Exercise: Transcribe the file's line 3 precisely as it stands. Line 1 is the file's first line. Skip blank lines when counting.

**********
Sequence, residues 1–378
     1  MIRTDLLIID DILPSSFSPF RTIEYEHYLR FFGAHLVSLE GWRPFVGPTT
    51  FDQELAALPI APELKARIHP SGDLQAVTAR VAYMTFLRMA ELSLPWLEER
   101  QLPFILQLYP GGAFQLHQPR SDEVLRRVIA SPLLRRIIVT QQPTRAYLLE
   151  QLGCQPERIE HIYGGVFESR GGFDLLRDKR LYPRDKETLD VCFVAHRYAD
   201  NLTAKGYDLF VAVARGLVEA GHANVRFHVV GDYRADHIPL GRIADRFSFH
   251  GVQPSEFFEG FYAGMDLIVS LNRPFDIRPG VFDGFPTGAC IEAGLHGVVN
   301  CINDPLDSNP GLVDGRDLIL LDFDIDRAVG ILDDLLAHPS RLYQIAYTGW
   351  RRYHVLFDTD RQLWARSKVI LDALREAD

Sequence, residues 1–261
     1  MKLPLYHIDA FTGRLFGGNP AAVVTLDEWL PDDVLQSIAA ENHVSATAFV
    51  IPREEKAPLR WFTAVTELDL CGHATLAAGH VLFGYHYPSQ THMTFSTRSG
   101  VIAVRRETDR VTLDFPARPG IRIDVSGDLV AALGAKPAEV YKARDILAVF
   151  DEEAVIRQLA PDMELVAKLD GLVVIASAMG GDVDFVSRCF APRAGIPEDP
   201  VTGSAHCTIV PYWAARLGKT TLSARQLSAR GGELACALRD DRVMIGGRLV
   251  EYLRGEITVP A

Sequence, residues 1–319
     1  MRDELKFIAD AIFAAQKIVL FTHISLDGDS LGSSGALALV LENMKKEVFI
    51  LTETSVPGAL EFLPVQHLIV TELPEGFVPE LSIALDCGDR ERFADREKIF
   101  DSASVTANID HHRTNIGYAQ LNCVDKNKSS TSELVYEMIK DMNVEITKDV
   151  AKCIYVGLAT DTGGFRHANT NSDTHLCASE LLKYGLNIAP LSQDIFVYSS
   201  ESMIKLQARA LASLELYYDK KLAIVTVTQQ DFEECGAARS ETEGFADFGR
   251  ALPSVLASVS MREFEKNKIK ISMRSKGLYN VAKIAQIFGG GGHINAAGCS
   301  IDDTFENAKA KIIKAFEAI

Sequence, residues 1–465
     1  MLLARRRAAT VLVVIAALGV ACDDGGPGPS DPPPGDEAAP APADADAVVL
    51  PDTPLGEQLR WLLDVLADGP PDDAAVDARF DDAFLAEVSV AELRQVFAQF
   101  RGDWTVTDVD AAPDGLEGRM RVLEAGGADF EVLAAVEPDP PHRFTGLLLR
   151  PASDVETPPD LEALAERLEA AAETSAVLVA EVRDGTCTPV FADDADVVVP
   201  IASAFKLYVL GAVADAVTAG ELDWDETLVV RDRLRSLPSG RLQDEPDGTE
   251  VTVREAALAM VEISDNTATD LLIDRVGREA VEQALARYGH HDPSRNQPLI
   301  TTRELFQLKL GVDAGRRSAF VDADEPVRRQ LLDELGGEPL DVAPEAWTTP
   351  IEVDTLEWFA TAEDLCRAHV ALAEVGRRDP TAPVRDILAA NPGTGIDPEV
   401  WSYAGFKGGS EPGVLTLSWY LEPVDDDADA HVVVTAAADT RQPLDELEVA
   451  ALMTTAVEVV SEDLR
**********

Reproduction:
    51  FDQELAALPI APELKARIHP SGDLQAVTAR VAYMTFLRMA ELSLPWLEER